[00:24:53]

Mike Evenson: It's been really exciting and fascinating to see kind of our team, you and your team really rally behind this. As much as we would love to see stadium packed this fall and love to see live events happening on campuses. We recognize that that's only going to be possible if these campuses are safe, even interacting and flow throughout. And so, we felt like tackling this problem was solving the problem before the problem, which is exciting to think that we might be part of the solution to make campuses safer. Uh, when, when students come, come back this fall, how motivating is that for you just as a product lead and as a human who's worked with universities for so long to think that, I'm not trying to downplay live events, but to think that we might actually be building something that makes us significant impact on, on the health and safety and trust of the campus experience.

 

[00:26:00]

Derek Mitchell: I mean, it's, it's an incredible position to be in. I'm incredibly fortunate to have a team of colleagues who were able to turn on a dime, if you will, and help to take a vision, help, to take mockups, help, to take a requirements list and, and formulate it into a product, into a platform that that is powerful enough to be put in place at a school in a very short period of time to satisfy that need, that's been the bread and butter of the University Tickets and Audience View experience that we recognize the need on campus and we're able to very quickly adapt functionality to support that it even this spring, when we saw that there were going to be mass cancellations, mass refunding of transactions, in 72 hours, we turned around a mass refund tool for our clients so that they didn't have to go transaction by transaction to refund those.

We're very fortunate to have a team of developers, QA and UX, user design type people who again, were able to invest themselves in a full-time basis very quickly in adapting to this emerging need. That I find super rewarding to know that a couple of client conversations later, we had, we have a pretty powerful product offering that could be put in place for not only our hundreds of existing clients, but for potentially hundreds or thousands of other campuses. It was a fun experience. And frankly, it all came together in a really short period of time. It was just a few weeks ago. We had those early client conversations, and again, a quick pivot support from company leadership. We were able to make something happen aggressively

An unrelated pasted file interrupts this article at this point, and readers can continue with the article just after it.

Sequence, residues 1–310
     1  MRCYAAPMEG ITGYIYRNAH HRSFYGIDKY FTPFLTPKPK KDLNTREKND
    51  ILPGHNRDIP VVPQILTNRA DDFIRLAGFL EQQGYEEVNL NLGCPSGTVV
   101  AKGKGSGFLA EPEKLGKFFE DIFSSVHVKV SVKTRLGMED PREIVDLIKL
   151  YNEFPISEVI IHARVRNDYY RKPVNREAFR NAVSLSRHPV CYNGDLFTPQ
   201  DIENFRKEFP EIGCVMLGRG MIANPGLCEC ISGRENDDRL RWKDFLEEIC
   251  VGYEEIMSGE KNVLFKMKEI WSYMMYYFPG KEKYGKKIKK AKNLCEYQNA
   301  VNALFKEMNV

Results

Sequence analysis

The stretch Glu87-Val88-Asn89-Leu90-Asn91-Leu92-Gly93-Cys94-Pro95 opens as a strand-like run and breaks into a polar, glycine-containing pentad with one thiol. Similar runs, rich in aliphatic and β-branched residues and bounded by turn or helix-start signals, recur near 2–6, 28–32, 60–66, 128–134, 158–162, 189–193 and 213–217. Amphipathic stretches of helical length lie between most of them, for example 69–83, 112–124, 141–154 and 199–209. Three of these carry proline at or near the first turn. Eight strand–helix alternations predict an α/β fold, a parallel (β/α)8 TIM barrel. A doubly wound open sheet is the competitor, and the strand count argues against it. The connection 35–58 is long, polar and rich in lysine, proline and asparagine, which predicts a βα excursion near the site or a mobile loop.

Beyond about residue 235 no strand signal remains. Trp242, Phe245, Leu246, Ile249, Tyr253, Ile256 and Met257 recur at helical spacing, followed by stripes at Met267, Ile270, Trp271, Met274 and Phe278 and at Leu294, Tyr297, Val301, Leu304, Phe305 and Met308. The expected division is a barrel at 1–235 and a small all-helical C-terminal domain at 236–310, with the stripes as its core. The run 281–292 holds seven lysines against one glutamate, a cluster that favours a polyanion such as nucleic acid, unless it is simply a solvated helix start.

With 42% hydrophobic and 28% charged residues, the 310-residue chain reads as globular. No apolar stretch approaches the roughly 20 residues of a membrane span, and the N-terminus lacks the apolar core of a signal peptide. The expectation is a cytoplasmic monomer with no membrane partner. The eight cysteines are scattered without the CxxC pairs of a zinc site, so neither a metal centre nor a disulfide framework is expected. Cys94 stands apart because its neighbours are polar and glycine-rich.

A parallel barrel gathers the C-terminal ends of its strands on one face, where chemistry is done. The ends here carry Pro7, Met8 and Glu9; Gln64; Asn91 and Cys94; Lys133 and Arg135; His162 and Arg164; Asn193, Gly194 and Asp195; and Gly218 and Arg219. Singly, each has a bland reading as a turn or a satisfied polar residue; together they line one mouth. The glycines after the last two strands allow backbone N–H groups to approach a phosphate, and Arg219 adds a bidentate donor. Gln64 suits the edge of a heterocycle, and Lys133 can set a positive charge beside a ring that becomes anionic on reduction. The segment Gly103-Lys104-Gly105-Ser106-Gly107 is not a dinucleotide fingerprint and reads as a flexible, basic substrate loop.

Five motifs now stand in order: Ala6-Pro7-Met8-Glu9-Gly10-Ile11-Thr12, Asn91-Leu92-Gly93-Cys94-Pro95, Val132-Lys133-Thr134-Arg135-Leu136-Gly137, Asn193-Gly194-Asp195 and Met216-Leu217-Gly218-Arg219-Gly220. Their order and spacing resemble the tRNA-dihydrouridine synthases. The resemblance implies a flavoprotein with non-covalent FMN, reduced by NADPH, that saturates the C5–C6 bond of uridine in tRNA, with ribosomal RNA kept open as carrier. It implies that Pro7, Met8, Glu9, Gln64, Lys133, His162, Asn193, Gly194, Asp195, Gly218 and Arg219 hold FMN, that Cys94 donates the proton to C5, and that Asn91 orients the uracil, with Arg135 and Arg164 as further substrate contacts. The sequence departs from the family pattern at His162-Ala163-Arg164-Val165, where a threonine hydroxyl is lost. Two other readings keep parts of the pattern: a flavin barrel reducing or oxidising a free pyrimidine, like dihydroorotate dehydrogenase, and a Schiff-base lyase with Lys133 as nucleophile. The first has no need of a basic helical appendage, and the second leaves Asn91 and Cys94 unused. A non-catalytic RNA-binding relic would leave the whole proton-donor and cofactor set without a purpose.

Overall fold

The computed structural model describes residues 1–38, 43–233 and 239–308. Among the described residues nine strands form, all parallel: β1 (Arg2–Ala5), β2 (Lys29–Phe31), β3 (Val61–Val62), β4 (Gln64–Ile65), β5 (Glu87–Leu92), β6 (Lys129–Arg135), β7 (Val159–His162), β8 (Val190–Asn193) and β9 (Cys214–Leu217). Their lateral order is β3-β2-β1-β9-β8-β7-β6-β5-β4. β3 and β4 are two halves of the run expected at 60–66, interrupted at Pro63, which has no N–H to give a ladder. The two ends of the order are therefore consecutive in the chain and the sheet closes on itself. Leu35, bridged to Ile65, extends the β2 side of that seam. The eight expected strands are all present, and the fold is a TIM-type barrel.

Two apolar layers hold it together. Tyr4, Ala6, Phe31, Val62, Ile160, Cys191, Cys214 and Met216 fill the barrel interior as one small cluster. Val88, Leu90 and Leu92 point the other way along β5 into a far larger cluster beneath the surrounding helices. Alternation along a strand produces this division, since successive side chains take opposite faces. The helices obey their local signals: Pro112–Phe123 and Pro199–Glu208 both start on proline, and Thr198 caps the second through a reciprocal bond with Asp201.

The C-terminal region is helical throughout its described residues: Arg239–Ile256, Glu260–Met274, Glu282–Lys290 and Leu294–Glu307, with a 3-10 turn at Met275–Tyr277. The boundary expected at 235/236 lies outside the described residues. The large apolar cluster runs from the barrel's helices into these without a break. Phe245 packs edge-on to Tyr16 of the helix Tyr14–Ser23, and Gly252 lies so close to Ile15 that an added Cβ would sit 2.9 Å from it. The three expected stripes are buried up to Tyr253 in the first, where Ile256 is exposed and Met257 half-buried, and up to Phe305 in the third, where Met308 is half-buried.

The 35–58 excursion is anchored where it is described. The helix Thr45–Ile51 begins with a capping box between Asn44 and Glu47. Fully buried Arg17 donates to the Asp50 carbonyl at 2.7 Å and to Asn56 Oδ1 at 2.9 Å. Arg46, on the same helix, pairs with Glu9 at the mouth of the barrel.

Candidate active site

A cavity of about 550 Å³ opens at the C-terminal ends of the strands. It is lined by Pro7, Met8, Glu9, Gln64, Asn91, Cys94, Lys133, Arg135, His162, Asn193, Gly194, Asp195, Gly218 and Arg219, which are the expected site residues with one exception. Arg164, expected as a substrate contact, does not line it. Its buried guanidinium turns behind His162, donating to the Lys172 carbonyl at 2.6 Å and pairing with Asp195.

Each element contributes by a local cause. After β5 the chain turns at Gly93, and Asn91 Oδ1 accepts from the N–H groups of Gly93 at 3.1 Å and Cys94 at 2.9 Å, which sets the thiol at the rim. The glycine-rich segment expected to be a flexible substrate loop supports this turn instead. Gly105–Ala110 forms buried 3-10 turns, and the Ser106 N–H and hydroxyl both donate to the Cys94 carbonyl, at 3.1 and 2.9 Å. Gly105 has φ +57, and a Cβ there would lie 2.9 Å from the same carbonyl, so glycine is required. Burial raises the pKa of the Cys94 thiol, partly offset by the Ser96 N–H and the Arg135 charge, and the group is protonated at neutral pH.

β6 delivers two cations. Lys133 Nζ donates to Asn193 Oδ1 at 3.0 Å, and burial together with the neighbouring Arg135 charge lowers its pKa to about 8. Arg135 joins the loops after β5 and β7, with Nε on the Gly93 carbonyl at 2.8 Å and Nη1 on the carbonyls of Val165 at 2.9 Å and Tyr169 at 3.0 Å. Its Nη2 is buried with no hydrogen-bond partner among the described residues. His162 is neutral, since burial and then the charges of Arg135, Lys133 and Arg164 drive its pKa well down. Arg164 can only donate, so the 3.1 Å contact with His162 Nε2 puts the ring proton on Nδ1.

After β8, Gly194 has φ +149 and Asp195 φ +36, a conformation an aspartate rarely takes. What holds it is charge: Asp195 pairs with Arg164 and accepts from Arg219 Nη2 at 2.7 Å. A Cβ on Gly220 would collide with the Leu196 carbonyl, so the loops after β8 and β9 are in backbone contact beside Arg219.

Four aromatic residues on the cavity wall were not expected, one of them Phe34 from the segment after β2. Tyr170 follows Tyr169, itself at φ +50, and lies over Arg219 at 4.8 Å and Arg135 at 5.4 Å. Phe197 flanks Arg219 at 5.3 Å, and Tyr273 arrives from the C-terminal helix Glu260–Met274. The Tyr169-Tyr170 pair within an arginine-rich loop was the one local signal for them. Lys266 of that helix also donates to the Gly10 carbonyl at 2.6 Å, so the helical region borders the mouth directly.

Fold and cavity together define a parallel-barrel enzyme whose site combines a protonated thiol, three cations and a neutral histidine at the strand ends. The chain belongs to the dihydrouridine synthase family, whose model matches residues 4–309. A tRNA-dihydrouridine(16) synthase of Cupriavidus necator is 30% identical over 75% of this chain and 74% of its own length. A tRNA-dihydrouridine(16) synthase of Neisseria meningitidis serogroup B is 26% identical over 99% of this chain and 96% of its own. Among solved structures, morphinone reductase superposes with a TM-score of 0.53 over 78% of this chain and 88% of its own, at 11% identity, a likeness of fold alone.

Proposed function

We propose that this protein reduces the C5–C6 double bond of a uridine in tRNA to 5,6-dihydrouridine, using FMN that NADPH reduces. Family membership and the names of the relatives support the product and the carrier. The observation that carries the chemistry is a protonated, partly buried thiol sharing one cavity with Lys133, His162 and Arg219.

[00:27:41]

Mike Evenson: Well, Derek really excited that it came together so far as clean as it has, and love the fact that we continue to listen to our clients, our campus clients to understand how we can continue to solve these challenges that they have. And I'm sure there's some that we haven't even considered yet. And so, this is a journey for us as we help, open schools up this ball and, and really look forward to seeing how this turns out. So, thanks again for joining me today.

 

[00:28:14]

Derek Mitchell: Thanks for having me.

 

[00:28:16]

Mike Evenson: Thanks to Derek Mitchell for joining Unobstructed today, his positive attitude and infectious energy, really lifts people up around him and at a time like this. It's so great to have as part of a team, and it's been really fun to conceptualize Campus Flow and to roll that out. If you're interested in learning more about Audience View Campus Flow the new product that we're launching to help campuses manage the flow of students across their campus safely with trust, with confidence, please visit our website audienceview.com. We're also hosting an introductory webinar. It'll be Derek and myself on June 10th. That's next week at 1:00 PM. Eastern, you can go ahead and register on audienceview.com on our website. If you are interested in learning more about Audience View Campus Flow thanks again to Derek for joining.

Thanks again to you for listening. Be mindful, be thoughtful. I have two kids at home and my wife, and I are spending a lot of time talking to each other, listening, thinking right now with everything that's going on. Hope you're doing the same. It's a good time for us to be in the listen mode and thinking mode. With that, I will sign off again. I'm Mike Evenson. Thanks again for joining me on Unobstructed podcasts. And we'll talk to you soon.

 

[00:29:50]

Announcer: Thanks for listening to Unobstructed your view on the live events industry. Subscribe today, wherever you listen to your favorite podcasts.